Welcome to 3 Key Charts, a weekly department in which we explain the graphs, maps, tables and diagrams that you must understand to guard and grow your business. The diagrams and graphics displayed below could help you discover a new opportunity, alert you to an impending risk, or teach you how to be a better manager.
In this instalment, we look at Canadians’ top criteria when choosing an employer, motivations for buying used items, and the ads that attract millennial mothers’ attention.
¢ ¢ ¢ ¢ ¢
Cash is still king
Where it’s from: “Randstad Award Survey 2014” by Randstad.
What it shows: The most important criterion when choosing an employer. A competitive salary and employee benefits was cited most often both as the top factor (30%) and among the top five factors (73%). Also important were long-term job security (13% top, 56% top five) and a pleasant work atmosphere (8% top, 51% top five). The results were drawn from a survey of 8,520 respondents.
Why it matters: In an uncertain economic climate, money is more important than ever—the percentage of respondents listing financial factors as among their top five priorities rose from 61% in 2012 to 73% for 2014, while other factors like location declined (39% in 2013 to 34% in 2014). Offering competitive wages and an attractive benefits plan are the bare minimum you should be doing in the battle for scarce skilled talent. But there is hope for companies under financial pressure: respondents attached a healthy degree of importance to non pay-related criteria as well. Making a clear commitment to prospective recruits could be a rewarding strategy: long-term job security (13% top, 56% top five) and career progression opportunities (5% top, 37% top five) were both quite important to respondents. Many businesses have responded to the tough financial climate by increasing their use of contract workers, which puts employees in a precarious position and hurts their chances of career advancement. It’s getting harder and harder to find good help, so staying loyal to your staff is a good way to encourage them stay loyal to you.
MORE CAREER ADVANCEMENT: Why You Could Be Promoting the Wrong People »
¢ ¢ ¢ ¢ ¢
Old is gold
Where it’s from: “Kijiji Second Hand-Economy Index” by Kijiji..
What it shows: The factors motivating Canadian consumers to acquire second-hand goods. Cost savings was the top motivation for respondents (75 out of 100), but environmental concerns (65 out of 100) and chancing upon items with heretofore unknown value (58 out of 100) also scored highly.
Why it matters: Retailers hoping to entice consumers to their stores or websites would do well to read this table as a list of consumer complaints. Some customers are responding to high prices, environmental concerns or objectionable retail practices by meeting their product needs in the second-hand marketplace, and websites like Kijiji and rival Craigslist have made buying used far easier than the days of scouring classifieds in search of serviceable goods. The numbers add up: sales of second-hand goods in Canada total some $30 billion a year according to the Index. That’s 15% of what consumers spend on new products. Fortunately, buyers don’t always care whether they’re getting their goods from organized or individual second-hand sellers, so retailers who don’t mind carrying some gently-used stock could profit by tackling some of the concerns that cause consumers to think twice before buying used. Worries about sanitation (57 out of 100) and physical integrity (47 out of 100) deter many consumers; adding an organized retailer as the middleman between seller and buyer might go some way to assuaging those concerns.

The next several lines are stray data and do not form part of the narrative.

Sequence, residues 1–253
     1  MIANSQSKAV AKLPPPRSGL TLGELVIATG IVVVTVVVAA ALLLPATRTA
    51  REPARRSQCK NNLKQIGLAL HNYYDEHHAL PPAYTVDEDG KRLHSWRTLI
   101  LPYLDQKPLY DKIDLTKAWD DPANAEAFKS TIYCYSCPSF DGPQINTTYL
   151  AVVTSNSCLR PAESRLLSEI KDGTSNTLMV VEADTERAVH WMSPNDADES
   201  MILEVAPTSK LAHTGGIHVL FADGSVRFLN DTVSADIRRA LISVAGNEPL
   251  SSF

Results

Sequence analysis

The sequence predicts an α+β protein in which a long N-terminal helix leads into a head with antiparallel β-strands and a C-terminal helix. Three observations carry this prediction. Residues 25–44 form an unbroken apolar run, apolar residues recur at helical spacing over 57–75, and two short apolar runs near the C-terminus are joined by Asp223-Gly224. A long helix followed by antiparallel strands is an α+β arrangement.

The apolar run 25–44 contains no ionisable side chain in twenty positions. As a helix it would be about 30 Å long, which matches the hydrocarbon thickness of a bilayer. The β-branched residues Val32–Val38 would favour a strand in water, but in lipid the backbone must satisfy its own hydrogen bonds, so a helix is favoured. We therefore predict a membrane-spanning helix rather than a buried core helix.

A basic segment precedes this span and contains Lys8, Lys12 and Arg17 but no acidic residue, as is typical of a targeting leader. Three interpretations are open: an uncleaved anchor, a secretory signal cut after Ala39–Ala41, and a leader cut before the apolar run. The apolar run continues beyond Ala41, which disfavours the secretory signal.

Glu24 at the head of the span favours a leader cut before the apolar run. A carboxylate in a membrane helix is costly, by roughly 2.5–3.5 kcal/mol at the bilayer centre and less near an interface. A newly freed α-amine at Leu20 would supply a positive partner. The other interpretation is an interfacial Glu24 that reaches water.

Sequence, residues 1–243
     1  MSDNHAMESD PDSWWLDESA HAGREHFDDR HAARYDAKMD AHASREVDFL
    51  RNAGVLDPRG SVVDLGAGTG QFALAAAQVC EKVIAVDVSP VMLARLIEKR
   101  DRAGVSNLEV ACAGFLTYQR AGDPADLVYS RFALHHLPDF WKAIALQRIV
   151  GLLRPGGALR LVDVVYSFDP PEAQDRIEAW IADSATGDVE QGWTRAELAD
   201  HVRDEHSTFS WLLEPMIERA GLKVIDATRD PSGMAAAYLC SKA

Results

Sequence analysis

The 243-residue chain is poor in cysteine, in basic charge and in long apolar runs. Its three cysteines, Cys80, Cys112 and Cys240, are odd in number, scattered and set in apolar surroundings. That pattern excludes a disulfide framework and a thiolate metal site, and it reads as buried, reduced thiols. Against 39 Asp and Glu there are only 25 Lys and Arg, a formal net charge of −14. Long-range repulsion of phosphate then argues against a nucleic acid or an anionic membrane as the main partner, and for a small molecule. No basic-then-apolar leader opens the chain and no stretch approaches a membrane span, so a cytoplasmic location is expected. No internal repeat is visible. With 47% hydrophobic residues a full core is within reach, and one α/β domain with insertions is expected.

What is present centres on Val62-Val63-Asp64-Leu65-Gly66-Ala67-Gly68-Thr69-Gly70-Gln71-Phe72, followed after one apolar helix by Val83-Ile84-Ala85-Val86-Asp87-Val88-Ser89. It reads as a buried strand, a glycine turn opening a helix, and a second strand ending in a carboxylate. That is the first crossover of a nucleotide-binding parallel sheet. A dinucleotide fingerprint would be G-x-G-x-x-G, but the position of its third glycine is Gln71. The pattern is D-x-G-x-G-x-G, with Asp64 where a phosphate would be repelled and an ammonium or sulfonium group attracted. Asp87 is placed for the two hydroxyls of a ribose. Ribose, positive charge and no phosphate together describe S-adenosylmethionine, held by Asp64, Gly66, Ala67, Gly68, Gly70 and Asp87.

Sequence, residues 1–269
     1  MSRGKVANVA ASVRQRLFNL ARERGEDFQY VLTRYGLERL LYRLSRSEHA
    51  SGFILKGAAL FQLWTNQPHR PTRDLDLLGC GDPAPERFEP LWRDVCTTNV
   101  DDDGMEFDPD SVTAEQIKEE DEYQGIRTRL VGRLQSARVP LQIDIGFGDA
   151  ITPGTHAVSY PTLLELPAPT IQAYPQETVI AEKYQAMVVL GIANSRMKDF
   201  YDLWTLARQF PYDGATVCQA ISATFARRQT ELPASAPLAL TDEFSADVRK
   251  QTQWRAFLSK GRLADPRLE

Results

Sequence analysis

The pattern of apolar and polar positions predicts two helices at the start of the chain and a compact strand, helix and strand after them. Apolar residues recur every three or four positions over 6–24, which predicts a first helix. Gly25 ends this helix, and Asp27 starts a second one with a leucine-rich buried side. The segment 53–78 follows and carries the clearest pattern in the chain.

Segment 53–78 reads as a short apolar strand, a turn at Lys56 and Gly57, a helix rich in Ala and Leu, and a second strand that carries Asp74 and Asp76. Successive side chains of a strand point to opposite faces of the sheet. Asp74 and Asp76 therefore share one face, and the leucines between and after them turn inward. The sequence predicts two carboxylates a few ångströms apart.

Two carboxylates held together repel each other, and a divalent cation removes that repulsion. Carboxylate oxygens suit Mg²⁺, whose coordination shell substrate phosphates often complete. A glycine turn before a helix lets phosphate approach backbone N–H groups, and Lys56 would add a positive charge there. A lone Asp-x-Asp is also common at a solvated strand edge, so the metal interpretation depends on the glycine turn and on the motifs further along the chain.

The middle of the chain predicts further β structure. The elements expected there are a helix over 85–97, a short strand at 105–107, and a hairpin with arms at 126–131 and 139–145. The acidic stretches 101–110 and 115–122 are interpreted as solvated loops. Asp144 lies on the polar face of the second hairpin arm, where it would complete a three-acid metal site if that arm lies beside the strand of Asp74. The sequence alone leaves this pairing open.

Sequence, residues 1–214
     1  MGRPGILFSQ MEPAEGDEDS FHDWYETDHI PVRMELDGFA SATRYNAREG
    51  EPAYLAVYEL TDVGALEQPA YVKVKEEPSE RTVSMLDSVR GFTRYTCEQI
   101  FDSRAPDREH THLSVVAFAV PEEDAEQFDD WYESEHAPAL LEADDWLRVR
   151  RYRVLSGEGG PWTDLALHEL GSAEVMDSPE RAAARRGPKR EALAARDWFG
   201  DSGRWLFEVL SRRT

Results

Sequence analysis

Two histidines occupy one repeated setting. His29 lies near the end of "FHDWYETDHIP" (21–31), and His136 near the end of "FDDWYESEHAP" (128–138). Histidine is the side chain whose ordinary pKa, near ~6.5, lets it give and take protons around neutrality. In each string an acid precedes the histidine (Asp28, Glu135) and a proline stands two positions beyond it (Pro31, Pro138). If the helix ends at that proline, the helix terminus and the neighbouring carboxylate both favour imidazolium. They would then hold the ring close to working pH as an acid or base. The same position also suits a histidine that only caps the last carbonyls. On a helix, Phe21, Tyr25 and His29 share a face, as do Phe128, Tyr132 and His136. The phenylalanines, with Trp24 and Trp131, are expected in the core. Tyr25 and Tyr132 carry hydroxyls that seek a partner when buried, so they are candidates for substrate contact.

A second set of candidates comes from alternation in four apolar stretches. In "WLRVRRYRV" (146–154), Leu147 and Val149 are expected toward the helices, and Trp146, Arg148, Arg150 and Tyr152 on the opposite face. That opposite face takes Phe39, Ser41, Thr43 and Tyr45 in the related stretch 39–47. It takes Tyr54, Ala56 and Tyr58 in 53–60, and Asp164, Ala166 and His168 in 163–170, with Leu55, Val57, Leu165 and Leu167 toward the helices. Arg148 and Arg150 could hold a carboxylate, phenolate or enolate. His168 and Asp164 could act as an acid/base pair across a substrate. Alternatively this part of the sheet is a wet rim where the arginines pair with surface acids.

MORE RETAIL WOES: 4 Retail Disruptors You Need to Be Ready For »
¢ ¢ ¢ ¢ ¢
Advertising to moms
Where it’s from: “2015 State of Modern Motherhood” by BabyCenter and IAB.
What it shows: The type of digital advertisement that are most likely to attract the attention of millennial mothers in Canada. Ads promoting deals, sales or other cost-saving offers were most noticeable (71%) followed by those that employ humour (63%). Ads highlighting products similar to those a respondent had looked up (i.e. online ads that re-target a consumer based on her search history) were not as attention-grabbing (30%). The survey had 8,118 respondents in total, from the U.S.A., Canada, U.K., Brazil, and China.
Why it matters: Childcare and parenting may be the most demographically-determined sector of them all. As more and more millennials age into adulthood and Generation X largely passes the point of childbearing, companies making products for parents will have to adapt to their new market. The survey’s results suggests that millennial mothers are looking for much the same thing as their older counterparts: value. Ads that highlight cost-saving measures have appeal across sectors and demographics, but they may be particularly attractive to new parents dealing with all the costs of childcare for the first time. One effective strategy to consider: using testimonials from real mothers (attention-grabbing for 53% of respondents). Showing that real-world parents are willing to use your product is a good way to assure consumers that it’s safe and useful for their own young ones.
MORE PARENTING: The Big Business of Childcare »
¢ ¢ ¢ ¢ ¢
What conclusions do you draw from these charts? Let us know using the comments section below.